At the end of last month’s article I gave you some homework. In fact, there was rather a lot, but I hope you had a go at least! Here are the answers:

Translate into English:
No puedo firmar hoy.
I can’t sign today.
¿Quieres visitar a tu amigo?
Do you want to visit your friend?
No necesito correr.
I don’t need to run.
Me gusta hacer los deberes.
I like doing homework.
No voy a leer todo el libro.
I’m not going to read all the book.

Translate into Spanish:
Do you want to have a lot of money?
¿Quieres tener mucho dinero?
I like watching the news.
Me gusta ver las noticias (or “el telediario”)
I can’t drink and drive.
No puedo beber y conducir.
Are you going to write a letter?
¿Vas a escribir una carta?
I need to go to the chemist.
Necesito ir a la farmacia.

Now we are going to learn a couple of ways in which these sentences can be made even longer, whilst at the same time giving us the opportunity to express more interesting ideas.

Firstly, we are going to look at one more “first person” word, which is prefiero.

Prefiero means ‘I prefer’. Of course we can only use ‘I prefer’ in a sentence if we are contrasting one idea with another. For example, let’s take one of our homework sentences:
‘I don’t like going out much.’ It’s easy to see how we can extend this idea with the contrast of what we do like doing:
‘I don’t like going out much; I prefer to stay at home.’

We can use words we have already learnt to express this, by changing ‘stay’ to ‘be’, like this:
No me gusta salir mucho; prefiero estar en casa. (ie I prefer to be at home).

‘I don’t need to run; I prefer to walk.’
No necesito correr; prefiero andar.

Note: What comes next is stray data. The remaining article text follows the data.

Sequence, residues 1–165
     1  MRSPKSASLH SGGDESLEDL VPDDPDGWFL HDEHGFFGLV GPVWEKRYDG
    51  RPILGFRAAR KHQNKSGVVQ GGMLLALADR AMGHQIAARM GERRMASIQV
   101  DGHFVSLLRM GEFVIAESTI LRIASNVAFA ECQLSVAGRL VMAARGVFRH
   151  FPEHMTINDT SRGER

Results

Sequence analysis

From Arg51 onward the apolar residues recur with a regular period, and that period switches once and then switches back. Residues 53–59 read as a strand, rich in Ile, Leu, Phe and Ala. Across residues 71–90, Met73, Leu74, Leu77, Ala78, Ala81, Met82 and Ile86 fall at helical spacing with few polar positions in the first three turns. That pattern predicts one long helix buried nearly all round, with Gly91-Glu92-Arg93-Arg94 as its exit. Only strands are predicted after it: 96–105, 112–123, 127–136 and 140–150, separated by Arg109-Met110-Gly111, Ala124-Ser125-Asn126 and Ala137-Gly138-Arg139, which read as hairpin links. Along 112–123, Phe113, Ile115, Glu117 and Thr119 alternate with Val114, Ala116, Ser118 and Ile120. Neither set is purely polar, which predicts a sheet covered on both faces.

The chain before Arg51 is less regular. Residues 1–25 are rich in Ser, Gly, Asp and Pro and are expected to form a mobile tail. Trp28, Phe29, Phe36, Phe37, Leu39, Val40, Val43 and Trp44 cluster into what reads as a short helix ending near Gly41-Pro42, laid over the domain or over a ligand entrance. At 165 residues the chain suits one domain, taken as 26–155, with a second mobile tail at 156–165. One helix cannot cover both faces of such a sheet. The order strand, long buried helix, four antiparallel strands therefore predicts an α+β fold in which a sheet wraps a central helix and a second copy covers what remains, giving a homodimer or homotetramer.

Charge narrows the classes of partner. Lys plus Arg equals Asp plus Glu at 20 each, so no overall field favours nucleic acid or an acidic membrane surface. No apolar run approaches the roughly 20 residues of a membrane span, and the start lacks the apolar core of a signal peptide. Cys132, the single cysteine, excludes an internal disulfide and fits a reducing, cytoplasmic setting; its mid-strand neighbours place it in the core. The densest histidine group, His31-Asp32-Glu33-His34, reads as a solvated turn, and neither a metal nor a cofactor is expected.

‘I’m not going to read everything; I prefer to listen.’
No voy a leer todo; prefiero escuchar.

We don’t always need to change the main verb in these sentences; we might want to change other information. For example:
I don’t want to go to Murcia, I prefer to go to Elche.
No quiero ir a Murcia, prefiero ir a Elche.
I’m not going to buy a dress; I prefer to buy trousers.
No voy a comprar un vestido; prefiero comprar pantalones.

Now for the second way we can extend our sentences – and this really is exciting! We can use the word para to explain our purpose in doing something. The way we are going to use para it means ‘to’ in the sense of ‘in order to’. Some of you might already know this word as meaning ‘for’ as in para mí – ‘for me’. However many of the little words in Spanish have more than one meaning, as is the case with para. The great thing as well is that after para we can still use our verbs in the infinitive form.

Let’s get straight on to an example of what I’m talking about, again using our homework as a starting point:
Me gusta ver las noticias para aprender más español.
I like watching the news to learn more Spanish (in order to learn more Spanish).

See if you can get this one:
Voy a ir a Inglaterra para visitar a mi familia.
I’m going to go to England to (in order to) visit my family.

For next month, what do these sentences mean in English?

Necesito firmar esto para comprar mi casa.
Voy a volver a casa para ver el fútbol.
Quiero aprender español para hablar con mi vecino.

Jane Cronin’s “Step by Step Spanish” articles are now available as e-books at where you can also obtain Jane’s brand new “Step by Step Internet Spanish” course.